A Virginia Tech graduate student is living in one of the hottest and driest countries in the world this semester so that he can study how climate change, land management, and other human-caused phenomena impact a community of animals known as the cavity guild.
Composed of birds, reptiles, mammals, amphibians, and invertebrates, the cavity guild, biologically speaking, is a group of animals that depend on holes and crevices in trees for their nesting sites.
However, Namibia receives only 2-24 inches of rainfall annually, leaving the landscape devoid of large trees. To exacerbate the problem, trees that are able to survive and grow in such a water-scarce environment are subject to removal for charcoal production, a common energy source in Namibia.
"Species in this community are especially vulnerable to the effects of climate change due to their habitat needs," said David Millican, of Greensboro, North Carolina, a doctoral student in the Department of Biological Sciences in the College of Science. "Weather in Namibia is highly variable, with yearly droughts occurring in unpredictable intervals. This variation in weather may likewise cause extreme variations in community dynamics, with some species opting not to breed in years of extreme drought and others altering the timing of their breeding in response to the altered rain schedule."
The goal of Millican's research is to provide critical information on how the cavity guild community is structured.
Topics of interest include what tree species are most utilized by cavity nesters, the most important processes of cavity formation, and the intensities of the competitive interactions between species. Answers to these questions will help ensure the preservation of the community and its members.
While in Namibia, Millican partners with the Cheetah Conservation Fund, an international nonprofit organization based just outside of Otjiwarongo. As a visiting researcher there, he has access to research facilities and the center's farm properties for fieldwork. Currently, he is searching for and monitoring tree cavities in 20 sites, each approximately 40 acres in size.
"David's work continues our lab's tradition of conducting basic research with conservation applications and of studies of cavity guilds around the world," said Jeff Walters, the Harold Bailey Professor of Biological Sciences in the College of Science and co-director of the Interfaces of Global Change graduate program. "He is seeking to determine how connections between cavity resources and the species who use them, and interactions between those species, determine the abundance and diversity of cavity-dwellers. That knowledge can inform forest-management practices in order to integrate conservation with the needs of the people that depend on these habitats."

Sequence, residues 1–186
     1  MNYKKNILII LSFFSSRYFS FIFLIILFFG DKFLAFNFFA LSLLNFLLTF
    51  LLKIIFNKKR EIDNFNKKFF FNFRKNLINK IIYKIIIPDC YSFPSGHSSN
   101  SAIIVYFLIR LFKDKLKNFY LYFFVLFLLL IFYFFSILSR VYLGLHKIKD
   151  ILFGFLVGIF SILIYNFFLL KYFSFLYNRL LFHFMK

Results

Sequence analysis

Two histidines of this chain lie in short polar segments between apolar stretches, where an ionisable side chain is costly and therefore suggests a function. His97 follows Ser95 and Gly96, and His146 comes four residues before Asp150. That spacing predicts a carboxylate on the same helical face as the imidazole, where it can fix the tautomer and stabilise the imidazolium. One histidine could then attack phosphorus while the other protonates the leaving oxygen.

As an Interfaces of Global Change Fellow, Millican received a grant from Virginia Tech's Global Change Center to add a social science component to his fieldwork this semester. Each year, the center, which is housed in the Fralin Life Science Institute, accepts proposals from graduate students to support interdisciplinary research and research-related travel that address both basic and applied aspects of global change science.
"David's proposal stood out because he seeks to engage Namibian indigenous communities so that they can be part of the solution to this incredibly complex environmental problem. Most conservation issues require engagement of local stakeholders to be successful, and David is determined to make this a team effort," said Bill Hopkins, the center's director. "To this end, David has also surrounded himself with faculty expertise in ornithology, ecology, and social science, representing the type of interdisciplinary research that the center seeks to promote."
To best prepare himself for engagement with stakeholders, Millican teamed up with Ashley Dayer, an assistant professor of human dimensions in the Department of Fish and Wildlife Conservation in the College of Natural Resources and Environment. Dayer, a social scientist, teaches a graduate course called Human Dimensions of Fisheries and Wildlife that educates students about how current domestic and international issues can be addressed through an understanding of human thought and behavior.
"Dr. Dayer and I are keen to understand the wildlife perceptions of communities throughout Namibia, including private landowners and tribal communities," said Millican. "Namibia is a very diverse country, composed of communities with many different African tribal origins as well as European origins. To understand and incorporate the values of these unique communities into conservation outreach campaigns, we plan to hold focus group interviews with indigenous groups. Our goal is to understand how these different indigenous regions overlap and differ in their perceptions of wildlife to identify flagship species that could unite people in conservation action."
Flagship species, as students learn in Dayer's class, are an umbrella species for conservation of a habitat type or suite of species that are chosen for a conservation campaign based on their importance to people, rather than their ecological role. Flagship species are used to attract the attention of stakeholders to raise awareness and funds for conservation and to change people's behaviors to promote conservation.
"Working with Dave on this research project is just one of the rewards I've experienced as a faculty member affiliated with the Global Change Center," said Dayer. "He's one of several Interfaces of Global Change Fellows that I've had the opportunity to teach in my class. Their passion for integrating social and ecological science inspires me; I am sure that this generation of conservation scientists is going to make a real difference in this world."
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